Diehard Apple fans measure their geek cred by how much lore and minutia they know. Here’s a story from way back when that I hadn’t heard, about Steve Jobs’ idea for “a mysterious little man who lives inside each Macintosh.”
At that same Hawaiian sales staff conference where the video was shown of Steve Jobs impersonating FDR, there was also this. It’s called Bluebusters, and it’s four minutes of Apple staff spoofing Ghostbusters.
Software maker Andy Hertzfeld yesterday posted a very old Apple commercial that never aired. It’s a fascinating blast from the past.
I’ve identified eight basic geometric shapes that Apple comes back to time and again in their product designs. Can you guess them all?
The latest information to come from the Apple v. Samsung patent trial is about Apple’s marketing strategy. The media would have you believe that this is some huge revelation, but it’s just affirmation of what Apple fans have known for years.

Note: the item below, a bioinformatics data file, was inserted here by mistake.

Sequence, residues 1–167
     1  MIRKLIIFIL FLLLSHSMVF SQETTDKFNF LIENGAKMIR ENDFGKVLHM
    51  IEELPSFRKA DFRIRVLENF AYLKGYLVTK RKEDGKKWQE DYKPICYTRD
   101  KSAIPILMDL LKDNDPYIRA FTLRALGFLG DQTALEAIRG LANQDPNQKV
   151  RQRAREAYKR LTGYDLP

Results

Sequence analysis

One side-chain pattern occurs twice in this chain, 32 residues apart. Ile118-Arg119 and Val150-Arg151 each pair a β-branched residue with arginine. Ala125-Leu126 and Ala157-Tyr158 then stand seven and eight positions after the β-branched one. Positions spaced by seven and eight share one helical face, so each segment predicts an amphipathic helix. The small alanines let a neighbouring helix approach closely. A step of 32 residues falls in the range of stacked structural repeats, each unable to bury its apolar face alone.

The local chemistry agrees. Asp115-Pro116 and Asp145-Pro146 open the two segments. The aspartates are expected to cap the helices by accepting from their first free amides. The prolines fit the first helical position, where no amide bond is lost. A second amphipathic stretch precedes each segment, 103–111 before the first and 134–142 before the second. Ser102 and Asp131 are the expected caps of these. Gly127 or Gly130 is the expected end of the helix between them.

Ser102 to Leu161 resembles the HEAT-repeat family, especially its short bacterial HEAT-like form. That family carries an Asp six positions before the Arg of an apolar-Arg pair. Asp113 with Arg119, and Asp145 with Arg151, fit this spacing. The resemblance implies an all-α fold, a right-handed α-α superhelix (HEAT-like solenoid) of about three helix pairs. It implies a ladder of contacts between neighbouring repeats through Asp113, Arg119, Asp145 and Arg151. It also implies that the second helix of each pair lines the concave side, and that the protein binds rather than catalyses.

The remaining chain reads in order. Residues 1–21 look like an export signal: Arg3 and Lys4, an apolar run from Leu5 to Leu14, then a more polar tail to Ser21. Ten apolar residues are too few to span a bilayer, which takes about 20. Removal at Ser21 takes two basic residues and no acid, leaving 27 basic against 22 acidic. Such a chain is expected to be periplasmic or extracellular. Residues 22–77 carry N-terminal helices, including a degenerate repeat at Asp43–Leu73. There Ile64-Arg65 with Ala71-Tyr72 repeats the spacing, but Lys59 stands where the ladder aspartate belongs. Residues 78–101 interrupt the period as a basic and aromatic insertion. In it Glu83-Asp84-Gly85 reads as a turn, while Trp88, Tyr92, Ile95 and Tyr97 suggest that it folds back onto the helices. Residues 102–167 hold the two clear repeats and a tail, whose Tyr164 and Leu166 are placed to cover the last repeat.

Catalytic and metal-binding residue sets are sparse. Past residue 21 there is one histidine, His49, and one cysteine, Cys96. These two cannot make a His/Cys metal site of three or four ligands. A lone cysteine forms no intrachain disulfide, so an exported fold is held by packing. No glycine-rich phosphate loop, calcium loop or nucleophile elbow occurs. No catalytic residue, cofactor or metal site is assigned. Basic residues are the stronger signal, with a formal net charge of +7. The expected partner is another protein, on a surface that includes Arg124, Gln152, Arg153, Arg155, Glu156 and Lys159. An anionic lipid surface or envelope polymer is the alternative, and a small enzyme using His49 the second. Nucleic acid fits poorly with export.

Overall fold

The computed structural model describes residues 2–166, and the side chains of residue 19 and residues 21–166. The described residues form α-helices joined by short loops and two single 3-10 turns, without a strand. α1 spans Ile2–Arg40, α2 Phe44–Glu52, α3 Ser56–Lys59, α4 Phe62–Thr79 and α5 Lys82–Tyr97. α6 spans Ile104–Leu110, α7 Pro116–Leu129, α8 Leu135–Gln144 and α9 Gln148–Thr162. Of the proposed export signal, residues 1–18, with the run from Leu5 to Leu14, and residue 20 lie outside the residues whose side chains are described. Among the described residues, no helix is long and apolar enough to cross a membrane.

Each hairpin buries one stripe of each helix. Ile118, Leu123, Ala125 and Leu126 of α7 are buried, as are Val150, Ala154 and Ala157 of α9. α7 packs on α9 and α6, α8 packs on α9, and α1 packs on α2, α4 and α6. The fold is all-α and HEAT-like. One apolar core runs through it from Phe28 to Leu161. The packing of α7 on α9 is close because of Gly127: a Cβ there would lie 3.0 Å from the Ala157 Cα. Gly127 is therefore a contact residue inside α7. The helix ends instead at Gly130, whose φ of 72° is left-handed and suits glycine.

Apple’s ads in recent years have simplified more and more, to the point that there’s nothing but the product on a white background with its name below. Is it too little?
Have you ever wondered how Apple does it? How they make such amazing products with incredible attention to detail and utmost secrecy? Adam Lashinsky’s Inside Apple blows the lid off, explaining everything about Apple that they don’t want you to know.
Unless you’re at an Apple press conference, you’ll rarely see Apple chief designer Jonathan Ive on camera. Video captured inside Apple’s Cupertino home office is forbidden. So this video of Ive talking Apple designs inside the legendary Industrial Design Lab at Apple HQ is downright unheard of.
Found on eBay: an ultra-rare Apple t-shirt that just sold a few weeks ago on eBay that you can’t buy in any store. This t-shirt was the standard gift given to new employees at Apple’s headquarters in Cupertino, California.
By now you’ve probably heard that Apple CEO Tim Cook announced this morning a plan to pay back cash dividends to its shareholders. It’s a big news story for Apple, but I think there’s a bigger one: this is Cook’s first big move that signals a change in Steve Jobs’ way of doing things. Where […]